David Grong
"Refrigeration is refrigeration." It is that basic belief that has caused Carlson & Stewart Refrigeration (CSR) of Marshall, Minn., to embrace installation and service work that ranges from industrial plants of up to several thousand tons using ammonia to small supermarket refrigeration cases running on HFCs.

"It doesn't make a difference as long as we do a good job," said the company's president, David Grong, who recently assumed additional responsibilities in the industry with his election to a one-year term as chairman of the International Institute of Ammonia Refrigeration (IIAR).

"I know the chairmanship will be a challenge and time-consuming," he said, "but I can do it because I have good people at Carlson & Stewart and within IIAR."

Grong heads a company that has grown from a local appliance repair business into a contracting business with a wide range of refrigeration projects in Minnesota, North Dakota, South Dakota, Nebraska, Iowa, and Wisconsin. The geographical stretch caused the company to add an office in Sioux Falls, S.D., two years ago.

The company was started in 1938 by Roy Carlson as Carlson Sales & Service. In 1948, Carlson's nephew, Bud Stewart, joined the business and it was incorporated in 1958.

Grong, Stewart's son-in-law, came on in 1975 after a stint as a pilot in the United States Air Force. He combined on-the-job training with a degree in mechanical engineering technology from Southwest State University in his hometown of Marshall, which today is a town of about 13,000.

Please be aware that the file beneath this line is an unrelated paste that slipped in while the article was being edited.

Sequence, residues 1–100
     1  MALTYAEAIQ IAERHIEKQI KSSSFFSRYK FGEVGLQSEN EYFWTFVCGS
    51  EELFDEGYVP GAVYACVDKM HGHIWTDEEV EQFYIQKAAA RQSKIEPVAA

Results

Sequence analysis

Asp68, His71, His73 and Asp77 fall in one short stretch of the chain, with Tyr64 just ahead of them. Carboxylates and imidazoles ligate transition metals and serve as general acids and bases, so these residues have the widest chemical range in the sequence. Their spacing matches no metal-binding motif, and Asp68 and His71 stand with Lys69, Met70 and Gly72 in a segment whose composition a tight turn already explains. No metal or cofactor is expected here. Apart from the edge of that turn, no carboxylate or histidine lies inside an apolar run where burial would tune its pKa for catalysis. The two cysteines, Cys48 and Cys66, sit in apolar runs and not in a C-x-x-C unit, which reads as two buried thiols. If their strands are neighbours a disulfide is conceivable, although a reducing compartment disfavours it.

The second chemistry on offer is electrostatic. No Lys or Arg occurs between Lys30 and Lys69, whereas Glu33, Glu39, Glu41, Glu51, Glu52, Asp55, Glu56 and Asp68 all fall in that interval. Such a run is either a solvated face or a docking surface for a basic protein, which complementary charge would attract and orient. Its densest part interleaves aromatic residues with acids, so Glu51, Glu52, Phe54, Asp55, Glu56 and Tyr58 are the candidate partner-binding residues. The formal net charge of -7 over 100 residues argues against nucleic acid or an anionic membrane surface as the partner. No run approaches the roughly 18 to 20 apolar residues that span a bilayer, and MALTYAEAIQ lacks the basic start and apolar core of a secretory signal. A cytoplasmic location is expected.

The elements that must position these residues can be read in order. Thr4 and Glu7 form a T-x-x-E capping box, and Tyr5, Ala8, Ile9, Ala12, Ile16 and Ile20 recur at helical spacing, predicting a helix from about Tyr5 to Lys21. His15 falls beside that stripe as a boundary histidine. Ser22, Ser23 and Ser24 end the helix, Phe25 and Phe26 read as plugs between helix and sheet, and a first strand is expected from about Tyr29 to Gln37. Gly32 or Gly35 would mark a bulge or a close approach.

The company's range of refrigeration expertise encompasses facilities for poultry, meatpacking, dairies, beverages, and bakeries as well as supermarkets.

The company has 23 employees (excluding office staff) with about half working on service and the other half on installation. Industrial and commercial are split about 50-50. Overall, installation is about 65 percent of CSR business.

Grong said his natural bent is toward the ammonia side of the business, and he began attending IIAR annual conferences more than 20 years ago with his father-in-law.

He recalled that a number of years ago at one such conference he was sitting in the corner of a meeting of the IIAR Piping Committee when the chair asked him if he would be willing to take minutes. He agreed and ended up doing so for several years. Along the way he found himself becoming a member of the committee and later its chair. That started the process that has now led to the chairmanship of the entire IIAR.

He noted that IIAR has 60 objectives, both short range and long range. So for his year in the top job, he said, "My goal is to take the plan that we established and do my best to see that it is accomplished. I want to take the momentum of the volunteers that comes out of the annual meeting, and make sure the momentum keeps going."

Publication date: 05/08/2006